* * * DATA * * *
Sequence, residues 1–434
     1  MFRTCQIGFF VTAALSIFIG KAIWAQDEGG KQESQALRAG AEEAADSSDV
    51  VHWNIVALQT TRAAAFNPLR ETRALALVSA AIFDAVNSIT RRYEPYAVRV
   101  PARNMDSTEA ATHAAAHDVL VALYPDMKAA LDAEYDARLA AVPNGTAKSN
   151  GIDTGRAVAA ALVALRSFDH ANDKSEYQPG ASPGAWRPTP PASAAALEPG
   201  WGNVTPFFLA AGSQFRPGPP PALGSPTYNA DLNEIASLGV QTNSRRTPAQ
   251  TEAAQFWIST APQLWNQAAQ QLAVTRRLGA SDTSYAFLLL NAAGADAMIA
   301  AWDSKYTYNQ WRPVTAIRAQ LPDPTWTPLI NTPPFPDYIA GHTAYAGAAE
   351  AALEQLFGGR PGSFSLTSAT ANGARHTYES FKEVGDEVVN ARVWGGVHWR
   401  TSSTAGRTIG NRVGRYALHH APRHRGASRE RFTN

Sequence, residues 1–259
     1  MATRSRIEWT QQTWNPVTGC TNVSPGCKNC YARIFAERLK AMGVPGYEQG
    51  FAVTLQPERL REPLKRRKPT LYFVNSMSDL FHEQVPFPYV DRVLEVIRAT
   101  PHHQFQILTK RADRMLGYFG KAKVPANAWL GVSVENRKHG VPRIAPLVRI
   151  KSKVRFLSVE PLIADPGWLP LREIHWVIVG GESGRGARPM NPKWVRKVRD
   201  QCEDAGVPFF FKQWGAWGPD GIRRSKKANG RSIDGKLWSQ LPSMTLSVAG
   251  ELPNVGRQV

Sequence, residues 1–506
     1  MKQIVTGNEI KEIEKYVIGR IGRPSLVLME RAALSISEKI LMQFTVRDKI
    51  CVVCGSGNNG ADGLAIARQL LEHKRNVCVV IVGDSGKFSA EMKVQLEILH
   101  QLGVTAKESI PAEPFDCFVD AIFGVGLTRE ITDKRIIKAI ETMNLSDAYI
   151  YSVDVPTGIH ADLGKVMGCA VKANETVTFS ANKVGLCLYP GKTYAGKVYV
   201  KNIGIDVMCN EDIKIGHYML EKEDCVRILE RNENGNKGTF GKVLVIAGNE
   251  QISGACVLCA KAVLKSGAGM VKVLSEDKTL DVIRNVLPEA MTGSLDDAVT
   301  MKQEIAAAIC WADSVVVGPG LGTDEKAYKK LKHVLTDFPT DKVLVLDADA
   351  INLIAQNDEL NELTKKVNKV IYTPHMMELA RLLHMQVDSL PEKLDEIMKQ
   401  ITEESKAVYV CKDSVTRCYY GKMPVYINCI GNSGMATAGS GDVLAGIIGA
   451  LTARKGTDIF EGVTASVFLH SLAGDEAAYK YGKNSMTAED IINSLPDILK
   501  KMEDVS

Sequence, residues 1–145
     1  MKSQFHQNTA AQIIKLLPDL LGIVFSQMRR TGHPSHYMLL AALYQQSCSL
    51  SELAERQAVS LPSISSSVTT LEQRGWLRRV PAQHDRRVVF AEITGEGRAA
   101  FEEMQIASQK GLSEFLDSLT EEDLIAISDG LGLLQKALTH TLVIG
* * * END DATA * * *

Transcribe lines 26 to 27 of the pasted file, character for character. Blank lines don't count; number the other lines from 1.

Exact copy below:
   351  INLIAQNDEL NELTKKVNKV IYTPHMMELA RLLHMQVDSL PEKLDEIMKQ
   401  ITEESKAVYV CKDSVTRCYY GKMPVYINCI GNSGMATAGS GDVLAGIIGA